In early May 2017, a viral post started circulating on Facebook, warning viewers that there was a new type of tick for which to be on the lookout. The post contains two photographs, one of a tick, and the other showing a person's skin — supposedly after the tick has burrowed inside. It was shared thousands of times:
The person who created the post, Mychael Gallagher, told us the post is fake. He created it as an experiment with his two daughters, aged 8 and 11 years, to demonstrate how quickly false information can spread on social media. He told us in a message:
This is 100% false. It's an experiment I did with my daughters. We wanted to see how fake news travels without anyone questioning it... I wasn't trying to scare anyone, nor did I think it would get more than 100 shares. I purposely used photos that looked fake. Like the St George watermark picture, but people still shared away without asking me any questions.
As Gallagher pointed out, the first clue the post was not an authentic warning was that the pictures come from two different sources that have nothing to do with a "new rare tick warning." The top photograph, if clicked, reveals a watermark from St. George News, which is a local news outlet for Southern Utah:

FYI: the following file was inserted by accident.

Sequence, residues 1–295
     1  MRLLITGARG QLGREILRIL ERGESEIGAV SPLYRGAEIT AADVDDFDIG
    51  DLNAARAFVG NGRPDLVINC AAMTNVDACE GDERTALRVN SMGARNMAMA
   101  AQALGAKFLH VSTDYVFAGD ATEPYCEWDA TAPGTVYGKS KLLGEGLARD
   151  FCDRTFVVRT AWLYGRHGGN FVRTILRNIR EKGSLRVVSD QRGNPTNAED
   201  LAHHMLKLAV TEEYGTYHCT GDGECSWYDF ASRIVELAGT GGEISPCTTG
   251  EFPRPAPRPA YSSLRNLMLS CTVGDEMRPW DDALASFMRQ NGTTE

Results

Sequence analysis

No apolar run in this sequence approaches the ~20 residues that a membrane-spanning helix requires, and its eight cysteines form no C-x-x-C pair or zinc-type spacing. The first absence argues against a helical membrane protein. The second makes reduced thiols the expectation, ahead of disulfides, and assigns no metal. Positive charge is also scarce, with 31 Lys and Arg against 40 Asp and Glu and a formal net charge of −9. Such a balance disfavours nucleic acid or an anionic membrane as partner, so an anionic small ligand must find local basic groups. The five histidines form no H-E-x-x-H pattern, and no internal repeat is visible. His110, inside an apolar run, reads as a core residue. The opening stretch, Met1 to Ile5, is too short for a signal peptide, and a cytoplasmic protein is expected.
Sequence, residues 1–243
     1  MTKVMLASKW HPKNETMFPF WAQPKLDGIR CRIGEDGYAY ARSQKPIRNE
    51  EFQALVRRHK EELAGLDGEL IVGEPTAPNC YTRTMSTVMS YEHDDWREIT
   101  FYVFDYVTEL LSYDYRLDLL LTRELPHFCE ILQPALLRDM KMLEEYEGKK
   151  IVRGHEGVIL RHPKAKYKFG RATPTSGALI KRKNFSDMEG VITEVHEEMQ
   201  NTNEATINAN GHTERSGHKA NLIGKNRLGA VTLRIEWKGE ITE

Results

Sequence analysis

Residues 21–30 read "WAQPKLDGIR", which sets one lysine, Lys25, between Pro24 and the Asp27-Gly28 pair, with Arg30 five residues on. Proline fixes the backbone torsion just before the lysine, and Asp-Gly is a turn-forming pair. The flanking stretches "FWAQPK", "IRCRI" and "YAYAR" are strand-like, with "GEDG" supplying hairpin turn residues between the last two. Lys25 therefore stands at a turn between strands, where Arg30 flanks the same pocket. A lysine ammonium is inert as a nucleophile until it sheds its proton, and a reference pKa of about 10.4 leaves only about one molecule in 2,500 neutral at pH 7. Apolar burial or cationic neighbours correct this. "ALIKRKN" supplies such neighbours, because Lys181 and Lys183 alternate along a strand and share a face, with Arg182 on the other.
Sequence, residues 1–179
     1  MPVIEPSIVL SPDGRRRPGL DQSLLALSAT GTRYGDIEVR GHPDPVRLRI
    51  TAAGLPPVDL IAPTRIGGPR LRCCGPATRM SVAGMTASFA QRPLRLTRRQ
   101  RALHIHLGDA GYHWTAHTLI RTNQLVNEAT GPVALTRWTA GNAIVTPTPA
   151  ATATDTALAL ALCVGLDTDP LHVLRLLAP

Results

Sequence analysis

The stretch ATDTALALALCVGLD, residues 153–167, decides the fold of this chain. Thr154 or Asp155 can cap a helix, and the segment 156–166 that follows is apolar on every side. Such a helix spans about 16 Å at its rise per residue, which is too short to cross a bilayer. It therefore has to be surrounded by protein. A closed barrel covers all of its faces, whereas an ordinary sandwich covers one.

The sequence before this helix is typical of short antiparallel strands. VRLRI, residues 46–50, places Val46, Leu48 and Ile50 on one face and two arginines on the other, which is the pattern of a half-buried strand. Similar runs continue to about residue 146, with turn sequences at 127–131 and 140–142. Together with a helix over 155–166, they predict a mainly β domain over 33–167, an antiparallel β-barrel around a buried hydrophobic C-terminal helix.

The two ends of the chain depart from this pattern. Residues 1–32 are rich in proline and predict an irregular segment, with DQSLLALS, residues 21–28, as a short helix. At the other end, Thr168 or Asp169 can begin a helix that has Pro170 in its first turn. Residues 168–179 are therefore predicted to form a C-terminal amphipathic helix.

The photograph originally accompanied a 4 October 2015 story published by the St. George News about a Grand Canyon tourist who came down with a rare disease called tick-borne relapsing fever after visiting the park:
Prior to becoming ill, the visitor had been vacationing on the North Rim of Grand Canyon National Park and adjacent areas in mid-September, according to the statement. The visitor was treated successfully with a course of antibiotics.
People contract TBRF after being bitten by infected soft ticks, which typically feed on rodents
Tick-borne relapsing fever, also called TBRF, is a rare, but treatable and curable, bacterial infection that occurs in the western United States, the media statement said. People contract TBRF after being bitten by infected soft ticks, which typically feed on rodents.
The photograph below it has been on the Internet since 2008. It was originally posted on a message board for the web site SportFishWorld.com. The image was taken by a man who was bitten by a tick (but it simply bit him, and did not burrow beneath his skin). He documented the healing process:
Gallagher told us that even though as of 23 May 2017 the post has been shared more than 50,000 times, no one bothered to ask him where he got the information — or whether it was real or fake.